Day 16-17 2012: Tear down the wall.

At the end of the day on Sunday, the last day of Fringe, after all of the performances are done and the last audience members have applauded, there is a huge celebration with an awards ceremony, flowing alcohol, and good times. Performers say their final farewells, Fringe romances kiss their final tearful smooches, and the mimes yell their final screams.

The last bash on the final Sunday at the Kings Head is legendary in the Fringe circuit. There are more Facebook updates from that party than any other event during the Fringe. Everybody who is anybody is there.

The staff and the technicians are not there. We’re not at the party because we need to strike (or tear down) the outdoor site and some of the venues. Everything from the beer tent to the vendors has to go.

This year, we ended up starting that tear down a little early, when a crazy thunderstorm decided to rip apart downtown Winnipeg. All of the outdoor fencing was blown down, and the beer tent was flooded. Instead of trying to restore the outdoor site and resume sales for the last two hours, it was decided to close everything early and start the strike. I imagine the King’s Head filled up very early this year.

Venue 2, along with venue 1, are two of the few venues that don’t need to be struck right away. Our full strike happens on Monday. So on Sunday night all we have to do is remove our chairs, and some minor cleanup.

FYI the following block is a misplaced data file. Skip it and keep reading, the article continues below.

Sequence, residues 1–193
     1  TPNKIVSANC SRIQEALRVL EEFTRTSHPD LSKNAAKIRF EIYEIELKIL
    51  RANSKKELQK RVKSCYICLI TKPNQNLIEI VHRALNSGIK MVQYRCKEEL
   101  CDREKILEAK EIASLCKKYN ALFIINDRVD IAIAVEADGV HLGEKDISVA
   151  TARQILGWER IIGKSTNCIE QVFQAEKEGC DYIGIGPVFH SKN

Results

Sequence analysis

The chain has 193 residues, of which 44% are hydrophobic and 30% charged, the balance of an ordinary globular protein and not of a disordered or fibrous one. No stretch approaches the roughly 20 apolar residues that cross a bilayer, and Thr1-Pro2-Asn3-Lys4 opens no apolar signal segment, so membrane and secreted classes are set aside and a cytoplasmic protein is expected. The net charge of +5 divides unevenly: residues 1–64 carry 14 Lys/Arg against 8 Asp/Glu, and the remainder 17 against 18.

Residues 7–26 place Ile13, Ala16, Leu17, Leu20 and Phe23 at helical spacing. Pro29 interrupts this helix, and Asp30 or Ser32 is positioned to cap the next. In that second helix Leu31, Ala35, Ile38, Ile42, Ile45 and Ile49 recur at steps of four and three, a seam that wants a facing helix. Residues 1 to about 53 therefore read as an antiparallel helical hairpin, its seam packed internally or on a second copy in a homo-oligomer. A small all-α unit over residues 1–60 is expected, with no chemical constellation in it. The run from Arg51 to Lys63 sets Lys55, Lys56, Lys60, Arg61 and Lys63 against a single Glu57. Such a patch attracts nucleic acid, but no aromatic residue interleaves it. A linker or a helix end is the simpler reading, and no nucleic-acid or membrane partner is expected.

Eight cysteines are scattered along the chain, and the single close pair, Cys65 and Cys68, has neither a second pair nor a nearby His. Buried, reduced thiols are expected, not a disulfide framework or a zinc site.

It’s always easier to destroy than it is to create, which is why the venue that took three days to set up, takes eight hours to come down… and the last two hours of that eight is waiting for a truck that collects portions of the venue for storage.

I pull down posters from the wall, recycle a box of unused programs, and find a costume that was accidentally left behind. It’s all very anticlimactic as the little theatre that was Venue two is returned to the cold stark rehearsal hall for the Royal Manitoba Theatre centre, that will be used to rehearse Gone With The Wind in a few months.

The next few days will be used to catch up on all of those things that were put aside while working the Fringe. Laundry, groceries, yard-work, that sixteen part miniseries that I was writing, all need attention, now that the eighteen days of nonstop theatre are finished.

The city will take this week to breathe, but only a week, because Folklorama is just around the corner, which will bring the festival season to a close, and I for one can’t wait for a samosa at the Punjab Pavilion, a fantastic dance performance from the Tamil Pavilion, and a demonstration on how to sculpt your own statue of David out of pasta dough at the Italian pavilion.

So as we put the last folding chair on the truck, and sweep up the discarded handbills from the alley, I think about the future. I hope our children that watched the puppets in the Kid’s venue, laughed at the squirrel who took up residence there, and tasted Fringe food for the first time, grow up to be the patrons, performers, and screaming mimes of future fringes.

Thanks for reading…

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Photo by Arlo Bates… The other Venue Two technician.

About JBJ

John lives in an abandoned toolshed behind a fake rubber vomit warehouse in Winnipeg Manitoba Canada with a squirrel named Peanut Hoarder, where he steals an internet signal from the Kung Fu school next door. He is a little "off". View all posts by JBJ

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